Rather than extend the parabolic reflectors (10 and 11) to areas where they are not illuminated by the feedhorns (15 and 16), the preferred embodiment truncates those surfaces at areas 12 and 13. Although the flat top areas, 29, shown in
A radome in the shape of the cylinder just described can be fitted to the assembly to shield it from the effects of weather. In the preferred embodiment, the rims at 14 are higher than the feedhorns 15 and 16 and their electronics 17 and 18. Hence the radome, 22 in
The radar embodiments shown in
Active remote sensing, such as weather radar, is a focused, duplex application for the present invention.
Rent on antenna towers being proportional to an antenna's silhouette area,
The units shown in
High capacity backhauling applications may require operating transmitters and receivers in multiple frequency bands. Where the expense or signal losses of diplexers are unacceptable, duplex antennae can be ganged as shown in
In unit 105, reflector 110 is used to generate a transmitted beam 150. In unit 205, reflector 210 is used to generate a transmitted beam 250. In unit 105, reflector 111 is used to receive the beam 250 (generated by unit 205). In unit 205, reflector 211 is used to receive the beam 150 (generated by unit 105).
In operation, the cell tower 101 and the central office 201 communicate (via antenna units 105, 205) to enable cell phone use. At any given time, cell tower 101 is in communication with a plurality of cell phones. Radio equipment located in the equipment container (or “hut”) under tower 101 collects information transmitted by that plurality of cell phones and transmits it to central office 201 via transmitted beam 150. Similarly, information to be transmitted to the plurality of cell phones is transmitted from radio equipment in the central office 201 to tower 101 via beam 250. Equipment in the hut of tower 101 uses the information contained in beam 250 to generate the signal that it broadcasts to the plurality of cell phones.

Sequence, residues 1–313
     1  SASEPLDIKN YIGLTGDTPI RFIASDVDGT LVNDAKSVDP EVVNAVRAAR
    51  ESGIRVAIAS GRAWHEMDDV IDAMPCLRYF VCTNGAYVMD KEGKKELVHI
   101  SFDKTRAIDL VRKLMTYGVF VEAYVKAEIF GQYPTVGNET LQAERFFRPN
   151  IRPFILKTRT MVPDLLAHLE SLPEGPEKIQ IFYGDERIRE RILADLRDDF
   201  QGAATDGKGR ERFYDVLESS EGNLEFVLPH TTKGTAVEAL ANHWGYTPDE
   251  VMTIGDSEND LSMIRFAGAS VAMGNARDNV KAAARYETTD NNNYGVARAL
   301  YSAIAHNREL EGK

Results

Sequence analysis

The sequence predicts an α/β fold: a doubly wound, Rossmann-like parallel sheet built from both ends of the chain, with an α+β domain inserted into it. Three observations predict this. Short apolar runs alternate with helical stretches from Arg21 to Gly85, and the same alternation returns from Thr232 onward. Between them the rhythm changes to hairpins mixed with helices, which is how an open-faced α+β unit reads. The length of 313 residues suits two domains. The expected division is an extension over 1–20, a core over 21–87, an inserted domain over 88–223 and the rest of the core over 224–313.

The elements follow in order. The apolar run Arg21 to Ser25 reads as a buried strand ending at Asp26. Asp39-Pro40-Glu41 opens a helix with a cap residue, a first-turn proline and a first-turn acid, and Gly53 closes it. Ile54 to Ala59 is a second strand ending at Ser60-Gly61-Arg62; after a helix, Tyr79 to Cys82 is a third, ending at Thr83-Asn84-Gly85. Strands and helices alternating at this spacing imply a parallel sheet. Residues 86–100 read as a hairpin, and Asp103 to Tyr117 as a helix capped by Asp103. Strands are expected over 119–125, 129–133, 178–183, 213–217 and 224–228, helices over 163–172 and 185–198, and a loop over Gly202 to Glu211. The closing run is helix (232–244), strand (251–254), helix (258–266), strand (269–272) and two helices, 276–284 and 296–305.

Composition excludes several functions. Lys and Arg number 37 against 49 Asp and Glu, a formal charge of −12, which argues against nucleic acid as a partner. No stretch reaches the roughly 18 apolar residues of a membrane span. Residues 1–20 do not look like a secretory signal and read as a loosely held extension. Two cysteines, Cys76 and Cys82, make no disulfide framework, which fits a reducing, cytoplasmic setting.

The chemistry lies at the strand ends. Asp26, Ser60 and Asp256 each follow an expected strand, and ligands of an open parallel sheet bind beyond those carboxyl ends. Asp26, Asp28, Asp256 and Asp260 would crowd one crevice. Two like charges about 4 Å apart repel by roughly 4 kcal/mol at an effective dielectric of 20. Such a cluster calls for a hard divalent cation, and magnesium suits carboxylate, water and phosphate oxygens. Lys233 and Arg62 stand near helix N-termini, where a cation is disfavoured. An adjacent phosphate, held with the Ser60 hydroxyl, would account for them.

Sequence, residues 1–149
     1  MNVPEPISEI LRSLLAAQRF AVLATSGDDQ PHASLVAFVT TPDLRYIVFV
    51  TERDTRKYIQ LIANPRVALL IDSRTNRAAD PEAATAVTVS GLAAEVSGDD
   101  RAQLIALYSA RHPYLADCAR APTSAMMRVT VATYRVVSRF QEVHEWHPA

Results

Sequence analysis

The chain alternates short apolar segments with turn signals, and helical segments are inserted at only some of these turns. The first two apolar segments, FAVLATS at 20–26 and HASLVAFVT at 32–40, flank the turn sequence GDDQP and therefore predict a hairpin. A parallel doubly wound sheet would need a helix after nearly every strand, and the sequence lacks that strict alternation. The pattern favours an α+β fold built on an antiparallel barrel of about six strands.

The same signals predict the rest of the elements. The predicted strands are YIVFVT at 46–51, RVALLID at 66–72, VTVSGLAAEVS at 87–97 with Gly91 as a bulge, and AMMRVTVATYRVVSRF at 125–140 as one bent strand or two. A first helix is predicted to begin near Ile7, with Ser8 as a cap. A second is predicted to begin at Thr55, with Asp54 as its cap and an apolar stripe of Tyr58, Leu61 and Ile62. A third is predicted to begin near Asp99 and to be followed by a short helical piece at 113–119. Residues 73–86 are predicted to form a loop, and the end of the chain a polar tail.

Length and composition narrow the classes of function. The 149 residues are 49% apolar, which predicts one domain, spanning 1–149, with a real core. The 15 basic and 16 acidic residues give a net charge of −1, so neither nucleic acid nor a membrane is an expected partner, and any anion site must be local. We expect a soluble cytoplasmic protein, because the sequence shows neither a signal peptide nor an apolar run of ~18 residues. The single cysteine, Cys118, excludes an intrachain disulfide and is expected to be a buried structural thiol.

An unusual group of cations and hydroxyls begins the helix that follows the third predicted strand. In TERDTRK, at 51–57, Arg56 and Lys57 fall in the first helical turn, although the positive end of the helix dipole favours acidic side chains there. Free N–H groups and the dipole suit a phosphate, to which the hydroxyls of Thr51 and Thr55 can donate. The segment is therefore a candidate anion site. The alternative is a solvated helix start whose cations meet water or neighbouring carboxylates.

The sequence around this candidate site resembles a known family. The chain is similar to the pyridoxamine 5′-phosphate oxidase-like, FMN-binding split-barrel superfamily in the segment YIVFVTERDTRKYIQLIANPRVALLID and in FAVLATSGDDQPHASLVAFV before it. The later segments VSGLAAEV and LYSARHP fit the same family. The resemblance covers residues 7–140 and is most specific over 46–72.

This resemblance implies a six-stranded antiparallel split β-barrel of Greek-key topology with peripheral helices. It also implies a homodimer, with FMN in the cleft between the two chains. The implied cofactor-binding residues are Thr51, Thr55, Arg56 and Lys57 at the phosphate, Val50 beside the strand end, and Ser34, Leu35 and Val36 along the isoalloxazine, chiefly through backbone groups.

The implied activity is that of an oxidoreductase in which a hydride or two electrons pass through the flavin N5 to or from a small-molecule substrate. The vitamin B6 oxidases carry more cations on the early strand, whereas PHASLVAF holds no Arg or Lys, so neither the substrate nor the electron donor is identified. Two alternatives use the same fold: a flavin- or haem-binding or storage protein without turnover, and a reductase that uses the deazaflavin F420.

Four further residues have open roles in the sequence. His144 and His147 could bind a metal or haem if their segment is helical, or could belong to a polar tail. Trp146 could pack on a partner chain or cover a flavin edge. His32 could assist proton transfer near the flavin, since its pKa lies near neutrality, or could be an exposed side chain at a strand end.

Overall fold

In one type of prior art backhauling application, the cell tower included a single dish antenna that was used (a) to generate a beam that was transmitted to the central office and (b) to receive a beam that was transmitted from the central office (similarly, the central office included a single dish antenna that was used to (a) generate a beam that was transmitted to the cell tower and (b) to receive a beam that was transmitted from the cell tower). Such systems suffered because they had to use a single dish antenna for both transmitted and received beams. Such systems used either time division or frequency division multiplexing. In such time division multiplexing systems, only one location (e.g., the central office or the cell tower) can transmit at a time limiting aggregate capacity. Also, such frequency division multiplexing systems use larger bandwidth and are therefore inherently more expensive.